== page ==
I've heard the same concern in Tompkins County as well. It seems like another step toward making the counties a branch of state government, providing services to Albany without getting the responsibility and choice of actually being in control of their territory. It's not a new trend, but seems to be yet another unfortunate side effect of the push to drill.
The Saltonstall Foundation for the Arts, located on Ellis Hollow Creek Road, is now taking applications for artists and writers who'd like to spend a month there in 2010. They have openings for poets, fiction writers, photographers, painters, sculptors, and visual artists. It's a beautiful place, and the residency includes a month of quiet in an apartment with a studio and meals provided. Applicants must be from New York State, and the deadline is January 15, 2010.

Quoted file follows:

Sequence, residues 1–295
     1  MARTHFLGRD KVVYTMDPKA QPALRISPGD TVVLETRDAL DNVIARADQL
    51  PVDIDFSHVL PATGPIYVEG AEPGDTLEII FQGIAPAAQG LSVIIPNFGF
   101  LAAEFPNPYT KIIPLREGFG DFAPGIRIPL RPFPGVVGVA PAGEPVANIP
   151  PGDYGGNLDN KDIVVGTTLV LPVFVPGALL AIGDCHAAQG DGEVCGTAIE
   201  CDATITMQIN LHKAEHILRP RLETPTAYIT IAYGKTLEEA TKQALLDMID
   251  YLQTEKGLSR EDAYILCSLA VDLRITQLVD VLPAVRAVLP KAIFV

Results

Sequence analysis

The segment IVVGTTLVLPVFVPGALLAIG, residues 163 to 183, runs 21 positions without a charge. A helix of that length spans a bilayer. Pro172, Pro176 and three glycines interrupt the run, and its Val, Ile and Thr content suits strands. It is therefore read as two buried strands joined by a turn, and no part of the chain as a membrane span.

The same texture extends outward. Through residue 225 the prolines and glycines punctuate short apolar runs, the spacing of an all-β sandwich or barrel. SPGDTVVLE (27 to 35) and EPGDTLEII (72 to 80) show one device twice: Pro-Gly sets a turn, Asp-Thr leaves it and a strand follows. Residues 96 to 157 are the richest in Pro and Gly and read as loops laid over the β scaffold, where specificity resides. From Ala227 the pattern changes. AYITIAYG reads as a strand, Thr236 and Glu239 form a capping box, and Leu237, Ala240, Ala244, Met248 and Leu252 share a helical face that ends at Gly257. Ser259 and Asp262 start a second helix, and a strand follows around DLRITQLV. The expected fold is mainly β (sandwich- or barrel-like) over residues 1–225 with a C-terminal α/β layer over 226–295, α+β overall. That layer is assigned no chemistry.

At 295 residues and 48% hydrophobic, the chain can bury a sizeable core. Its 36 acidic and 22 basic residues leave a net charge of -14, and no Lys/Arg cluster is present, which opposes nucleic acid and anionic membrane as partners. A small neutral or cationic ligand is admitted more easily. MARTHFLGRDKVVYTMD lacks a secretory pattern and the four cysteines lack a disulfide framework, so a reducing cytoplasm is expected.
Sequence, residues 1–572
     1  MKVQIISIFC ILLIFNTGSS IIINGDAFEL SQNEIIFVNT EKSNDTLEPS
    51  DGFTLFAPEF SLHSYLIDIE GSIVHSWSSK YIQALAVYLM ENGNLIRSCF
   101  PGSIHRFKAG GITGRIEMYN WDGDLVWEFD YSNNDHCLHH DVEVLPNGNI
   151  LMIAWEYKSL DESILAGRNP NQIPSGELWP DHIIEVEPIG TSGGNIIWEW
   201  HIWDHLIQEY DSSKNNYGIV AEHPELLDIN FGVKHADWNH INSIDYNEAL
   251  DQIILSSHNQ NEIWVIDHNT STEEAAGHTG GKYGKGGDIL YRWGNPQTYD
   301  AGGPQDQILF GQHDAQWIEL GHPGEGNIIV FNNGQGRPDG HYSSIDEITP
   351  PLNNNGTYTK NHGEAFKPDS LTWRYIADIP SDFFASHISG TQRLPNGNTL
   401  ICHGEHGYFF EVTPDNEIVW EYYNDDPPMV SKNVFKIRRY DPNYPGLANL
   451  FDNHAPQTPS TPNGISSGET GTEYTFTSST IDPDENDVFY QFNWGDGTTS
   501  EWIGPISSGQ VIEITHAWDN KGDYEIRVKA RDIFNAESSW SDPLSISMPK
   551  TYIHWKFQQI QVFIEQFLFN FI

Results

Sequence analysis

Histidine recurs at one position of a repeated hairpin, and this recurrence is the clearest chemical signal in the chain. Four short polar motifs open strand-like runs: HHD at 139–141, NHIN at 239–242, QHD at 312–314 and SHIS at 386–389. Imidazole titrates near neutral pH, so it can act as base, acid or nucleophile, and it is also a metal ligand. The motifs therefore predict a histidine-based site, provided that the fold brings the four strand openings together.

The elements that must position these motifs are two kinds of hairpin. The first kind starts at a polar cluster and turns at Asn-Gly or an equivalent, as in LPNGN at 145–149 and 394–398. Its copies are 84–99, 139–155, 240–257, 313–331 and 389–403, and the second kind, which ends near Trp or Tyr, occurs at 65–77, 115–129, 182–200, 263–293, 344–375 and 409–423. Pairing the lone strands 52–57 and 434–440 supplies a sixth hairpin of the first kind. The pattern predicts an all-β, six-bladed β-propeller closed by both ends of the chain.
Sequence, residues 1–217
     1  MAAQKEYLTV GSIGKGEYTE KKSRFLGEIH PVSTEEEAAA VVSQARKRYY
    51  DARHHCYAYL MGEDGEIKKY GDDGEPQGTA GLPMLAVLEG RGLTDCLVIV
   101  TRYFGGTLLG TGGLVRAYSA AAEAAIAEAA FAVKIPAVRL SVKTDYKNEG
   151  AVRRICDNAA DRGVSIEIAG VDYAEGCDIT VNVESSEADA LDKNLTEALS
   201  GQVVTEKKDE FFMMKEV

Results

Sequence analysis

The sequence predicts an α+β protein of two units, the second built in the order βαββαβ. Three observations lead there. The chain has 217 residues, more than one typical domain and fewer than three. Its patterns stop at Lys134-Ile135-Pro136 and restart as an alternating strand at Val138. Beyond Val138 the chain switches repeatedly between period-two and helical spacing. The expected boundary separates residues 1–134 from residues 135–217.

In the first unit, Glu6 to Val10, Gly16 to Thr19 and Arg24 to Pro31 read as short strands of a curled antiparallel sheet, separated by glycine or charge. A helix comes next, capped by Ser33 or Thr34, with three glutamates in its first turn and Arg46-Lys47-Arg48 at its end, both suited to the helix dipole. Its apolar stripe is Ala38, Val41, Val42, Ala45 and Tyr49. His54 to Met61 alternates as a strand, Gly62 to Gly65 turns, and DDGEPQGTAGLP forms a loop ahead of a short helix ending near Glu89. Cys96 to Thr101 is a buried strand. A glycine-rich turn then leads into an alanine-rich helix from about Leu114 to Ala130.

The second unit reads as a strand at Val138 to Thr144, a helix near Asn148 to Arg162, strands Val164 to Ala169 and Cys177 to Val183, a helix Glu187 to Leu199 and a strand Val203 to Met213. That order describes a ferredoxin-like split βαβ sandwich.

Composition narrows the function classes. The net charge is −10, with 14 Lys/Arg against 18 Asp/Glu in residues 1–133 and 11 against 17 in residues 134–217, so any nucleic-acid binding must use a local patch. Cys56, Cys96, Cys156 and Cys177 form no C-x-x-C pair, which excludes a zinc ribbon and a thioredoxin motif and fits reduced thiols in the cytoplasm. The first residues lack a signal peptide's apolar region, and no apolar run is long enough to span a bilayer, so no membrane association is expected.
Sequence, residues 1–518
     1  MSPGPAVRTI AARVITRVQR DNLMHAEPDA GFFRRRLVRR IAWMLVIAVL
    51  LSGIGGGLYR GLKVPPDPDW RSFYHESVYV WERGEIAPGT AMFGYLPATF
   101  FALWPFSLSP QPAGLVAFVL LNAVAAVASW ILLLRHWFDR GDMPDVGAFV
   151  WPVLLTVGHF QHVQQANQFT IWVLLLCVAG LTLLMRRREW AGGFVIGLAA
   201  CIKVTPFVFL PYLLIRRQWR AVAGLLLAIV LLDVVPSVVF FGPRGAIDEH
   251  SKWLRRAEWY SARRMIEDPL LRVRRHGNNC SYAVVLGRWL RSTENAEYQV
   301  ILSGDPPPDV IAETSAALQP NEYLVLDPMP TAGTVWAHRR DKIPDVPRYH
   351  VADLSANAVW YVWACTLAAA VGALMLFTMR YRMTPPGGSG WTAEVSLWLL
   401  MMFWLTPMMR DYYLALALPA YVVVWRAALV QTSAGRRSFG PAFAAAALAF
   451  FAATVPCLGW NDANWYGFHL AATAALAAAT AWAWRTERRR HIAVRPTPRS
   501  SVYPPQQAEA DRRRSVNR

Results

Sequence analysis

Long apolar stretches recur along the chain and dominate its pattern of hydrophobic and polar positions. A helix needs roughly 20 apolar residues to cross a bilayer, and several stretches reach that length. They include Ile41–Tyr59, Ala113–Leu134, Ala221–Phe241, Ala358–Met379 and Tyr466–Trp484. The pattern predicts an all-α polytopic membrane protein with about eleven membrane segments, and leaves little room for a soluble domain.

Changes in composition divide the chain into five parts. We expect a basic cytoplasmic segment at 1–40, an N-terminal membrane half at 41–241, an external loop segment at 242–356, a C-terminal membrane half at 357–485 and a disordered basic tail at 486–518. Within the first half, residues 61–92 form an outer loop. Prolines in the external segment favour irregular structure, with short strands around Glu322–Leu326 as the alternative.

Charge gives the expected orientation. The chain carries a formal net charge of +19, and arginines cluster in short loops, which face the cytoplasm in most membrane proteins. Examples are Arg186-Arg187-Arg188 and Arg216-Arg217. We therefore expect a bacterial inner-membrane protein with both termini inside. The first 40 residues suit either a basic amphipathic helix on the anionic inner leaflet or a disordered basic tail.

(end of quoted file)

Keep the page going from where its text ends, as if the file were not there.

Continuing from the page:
I wrote about an open house they had in 2005, if you'd like more information on what it looks like.